The country risk management industry has grown considerably in the past two decades to become a multibillion-dollar business. Country Risk Solutions (CRS) has conducted research to determine the breadth and depth of the industry, and reviewed a total of 198 firms in 94 locations by foundation year, location, and type of business conducted, with some surprising results. There are clearly more organizations, products, and service offerings in the country risk management space than ever before, which is a great benefit to consumers of the product and the risk management business alike. But it also raises some issues about how the industry evolves from here.
As noted below, there has been significant growth in the number of firms focused on the space since the 1970s, peaking in the previous decade. This coincides broadly with the rise of the Internet, the free flow of information, instant global communications, the expansion of the political risk insurance (PRI) industry, and other factors which have created a landscape conducive to such growth. Moreover, the world has become an increasingly riskier place in which to do business and service providers have risen to the occasion.
Those who work in the space will not be surprised to learn that 26% of firms surveyed are based in London, but Washington D.C. and New York tied for second place, each hosting 8%. A significant reason for the aggregation of firms in London is that it is the epicenter of the PRI business; insurance brokerage and underwriting firms active in PRI represent 47% of the total number of insurance firms surveyed. 27% of political risk consulting firms and 38% of all think tanks surveyed are also based in London. Consulting firms comprise 47% of New York’s and 38% of Washington’s totals, and they each host 22% of all information/intelligence firms surveyed.
Organizations active in country risk management tend to be spread relatively evenly among the consulting, information/intelligence and insurance businesses. The largest sector – insurance - accounts for 45% of the total, followed by consultancy (26%), information/intelligence providers (20%), and think tanks (5%).
While other firms were not included in the review, the survey permits some general conclusions to be drawn. First, there is clearly growing and sustained demand for all services provided in the space, which is consistent with the growth in global lending, trading, and investing in all parts of the world. Second, while the ‘centers’ of the sector are London, Washington, and New York, other parts of the world contain significant ‘clusters’ of country risk-related operations, such as the PRI business in Singapore and consulting firms in Dubai. Third, it is reasonable to expect that the sector will continue to grow, given the realities of risk associated with doing business around the world.
The implication for service providers is that an increasingly crowded space will become more so with time, forcing each to distinguish their offerings and comparative advantages from each other, placing pricing pressure on firms, and encouraging continued consolidation in the sector. For consumers, the smorgasbord of options can only grow, which is both a blessing and a curse in that it will require more time and resources to be devoted to differentiating which providers have the products and services best suited to their needs. This is already an issue for many consumers – particularly the lesser informed – as it can be difficult to discern the best match by product, price, and quality.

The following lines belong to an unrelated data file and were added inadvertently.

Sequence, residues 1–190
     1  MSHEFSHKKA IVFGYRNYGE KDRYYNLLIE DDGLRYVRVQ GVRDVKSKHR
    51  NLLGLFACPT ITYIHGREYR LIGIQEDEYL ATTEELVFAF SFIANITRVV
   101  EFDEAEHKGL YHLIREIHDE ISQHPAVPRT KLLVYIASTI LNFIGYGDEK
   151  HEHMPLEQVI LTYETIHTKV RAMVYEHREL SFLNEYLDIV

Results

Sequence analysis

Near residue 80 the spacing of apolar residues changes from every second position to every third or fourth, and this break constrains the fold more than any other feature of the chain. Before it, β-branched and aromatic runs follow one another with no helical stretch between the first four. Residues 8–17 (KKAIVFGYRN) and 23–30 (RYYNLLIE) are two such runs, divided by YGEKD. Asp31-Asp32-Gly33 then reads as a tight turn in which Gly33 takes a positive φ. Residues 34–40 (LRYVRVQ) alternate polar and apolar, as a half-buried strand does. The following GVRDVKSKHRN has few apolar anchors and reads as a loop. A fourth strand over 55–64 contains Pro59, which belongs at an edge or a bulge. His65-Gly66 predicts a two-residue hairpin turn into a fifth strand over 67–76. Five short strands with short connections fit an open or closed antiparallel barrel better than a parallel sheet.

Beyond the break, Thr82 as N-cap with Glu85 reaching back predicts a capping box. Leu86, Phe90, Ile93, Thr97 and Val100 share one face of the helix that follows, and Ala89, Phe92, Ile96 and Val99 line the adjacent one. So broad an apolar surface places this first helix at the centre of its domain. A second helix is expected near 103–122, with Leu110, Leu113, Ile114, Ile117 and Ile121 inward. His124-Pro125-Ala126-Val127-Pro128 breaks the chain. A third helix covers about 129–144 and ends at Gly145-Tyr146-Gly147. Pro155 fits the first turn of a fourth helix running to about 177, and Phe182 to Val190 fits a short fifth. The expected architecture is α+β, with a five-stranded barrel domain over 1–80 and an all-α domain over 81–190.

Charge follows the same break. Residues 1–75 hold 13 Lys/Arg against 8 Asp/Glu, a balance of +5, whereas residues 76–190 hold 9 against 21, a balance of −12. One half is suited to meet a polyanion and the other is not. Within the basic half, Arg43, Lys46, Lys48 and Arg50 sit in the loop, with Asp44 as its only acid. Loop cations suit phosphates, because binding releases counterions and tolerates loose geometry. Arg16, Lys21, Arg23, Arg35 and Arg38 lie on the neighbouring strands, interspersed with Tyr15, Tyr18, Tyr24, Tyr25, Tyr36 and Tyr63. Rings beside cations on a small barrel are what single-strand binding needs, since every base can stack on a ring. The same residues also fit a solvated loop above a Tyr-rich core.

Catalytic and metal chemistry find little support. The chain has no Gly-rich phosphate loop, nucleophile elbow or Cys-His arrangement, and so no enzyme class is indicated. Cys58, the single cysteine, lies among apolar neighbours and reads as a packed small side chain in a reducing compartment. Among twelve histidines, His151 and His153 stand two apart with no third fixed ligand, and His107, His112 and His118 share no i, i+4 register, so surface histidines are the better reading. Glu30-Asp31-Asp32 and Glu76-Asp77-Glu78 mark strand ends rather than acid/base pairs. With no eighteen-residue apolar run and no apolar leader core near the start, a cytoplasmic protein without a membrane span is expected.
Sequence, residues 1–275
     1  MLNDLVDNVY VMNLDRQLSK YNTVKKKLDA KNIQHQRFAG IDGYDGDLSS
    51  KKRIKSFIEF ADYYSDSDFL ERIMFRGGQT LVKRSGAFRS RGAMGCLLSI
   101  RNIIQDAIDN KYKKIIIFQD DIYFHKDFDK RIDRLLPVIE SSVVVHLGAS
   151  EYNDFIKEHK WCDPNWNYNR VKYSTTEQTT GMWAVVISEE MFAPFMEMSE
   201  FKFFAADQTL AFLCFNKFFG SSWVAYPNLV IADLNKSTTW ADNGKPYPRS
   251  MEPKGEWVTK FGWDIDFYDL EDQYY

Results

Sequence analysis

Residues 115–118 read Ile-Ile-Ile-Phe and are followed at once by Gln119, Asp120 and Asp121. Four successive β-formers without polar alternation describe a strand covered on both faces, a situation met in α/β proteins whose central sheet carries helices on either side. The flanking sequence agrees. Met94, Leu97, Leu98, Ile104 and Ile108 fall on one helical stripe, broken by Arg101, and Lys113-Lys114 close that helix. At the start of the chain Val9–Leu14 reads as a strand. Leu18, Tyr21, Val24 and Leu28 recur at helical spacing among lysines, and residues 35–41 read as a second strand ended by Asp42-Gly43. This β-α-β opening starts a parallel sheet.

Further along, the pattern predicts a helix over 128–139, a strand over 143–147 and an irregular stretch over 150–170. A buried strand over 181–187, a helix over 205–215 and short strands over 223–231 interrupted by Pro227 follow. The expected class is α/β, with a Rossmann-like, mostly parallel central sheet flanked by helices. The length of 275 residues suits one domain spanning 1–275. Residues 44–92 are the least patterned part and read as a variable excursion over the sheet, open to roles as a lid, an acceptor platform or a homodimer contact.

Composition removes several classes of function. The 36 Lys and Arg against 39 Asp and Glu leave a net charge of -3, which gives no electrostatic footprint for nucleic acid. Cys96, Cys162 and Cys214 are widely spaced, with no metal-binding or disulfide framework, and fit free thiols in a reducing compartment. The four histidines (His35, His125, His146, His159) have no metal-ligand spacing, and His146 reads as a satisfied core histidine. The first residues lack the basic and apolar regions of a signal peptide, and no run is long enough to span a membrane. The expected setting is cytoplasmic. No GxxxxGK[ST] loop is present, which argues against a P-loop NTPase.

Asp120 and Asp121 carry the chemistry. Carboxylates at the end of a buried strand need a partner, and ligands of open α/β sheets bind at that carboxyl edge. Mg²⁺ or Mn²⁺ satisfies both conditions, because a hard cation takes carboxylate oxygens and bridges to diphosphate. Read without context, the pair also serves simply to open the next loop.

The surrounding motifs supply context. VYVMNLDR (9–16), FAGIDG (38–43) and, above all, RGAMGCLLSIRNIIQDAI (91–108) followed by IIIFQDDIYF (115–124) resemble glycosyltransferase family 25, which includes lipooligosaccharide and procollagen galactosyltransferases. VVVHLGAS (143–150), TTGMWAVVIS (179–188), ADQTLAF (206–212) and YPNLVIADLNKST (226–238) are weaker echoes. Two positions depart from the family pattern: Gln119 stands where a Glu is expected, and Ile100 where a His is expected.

It was already the case a decade ago that the field had become so crowded that there was a lot of overlap among information providers. The continuation of that trend has forced some of them to more succinctly differentiate their offerings from that of their competitors. Some new entrants in the field are attempting to provide something unique to the marketplace, with varying degrees of success, using Artificial Intelligence to breathe new life into the prediction of future events, and their impact. In that regard, the growth in the space is forcing established players to reconsider how they do what they do, in order to remain competitive.
There can be little doubt that the country risk management marketplace has a bright future. Demand has driven an ever-expanding plethora of options for global traders, investors, and lenders, which has contributed to the growth in the global economy. The challenge for service providers in the space will be to continue to innovate and stay ahead of the curve. This will not be easy, given that accurate predictions about the future of a country – or indeed, global politics, economics, finance, and security - are an art rather than a science. That has always been the sector’s challenge, but the stakes are higher now than ever before for everyone involved in the space.
*Daniel Wagner is CEO of Country Risk Solutions and author of the new book “Virtual Terror”. Giuseppe del Vecchio is a research analyst with CRS based in London.
This article first appeared in LinkedIn.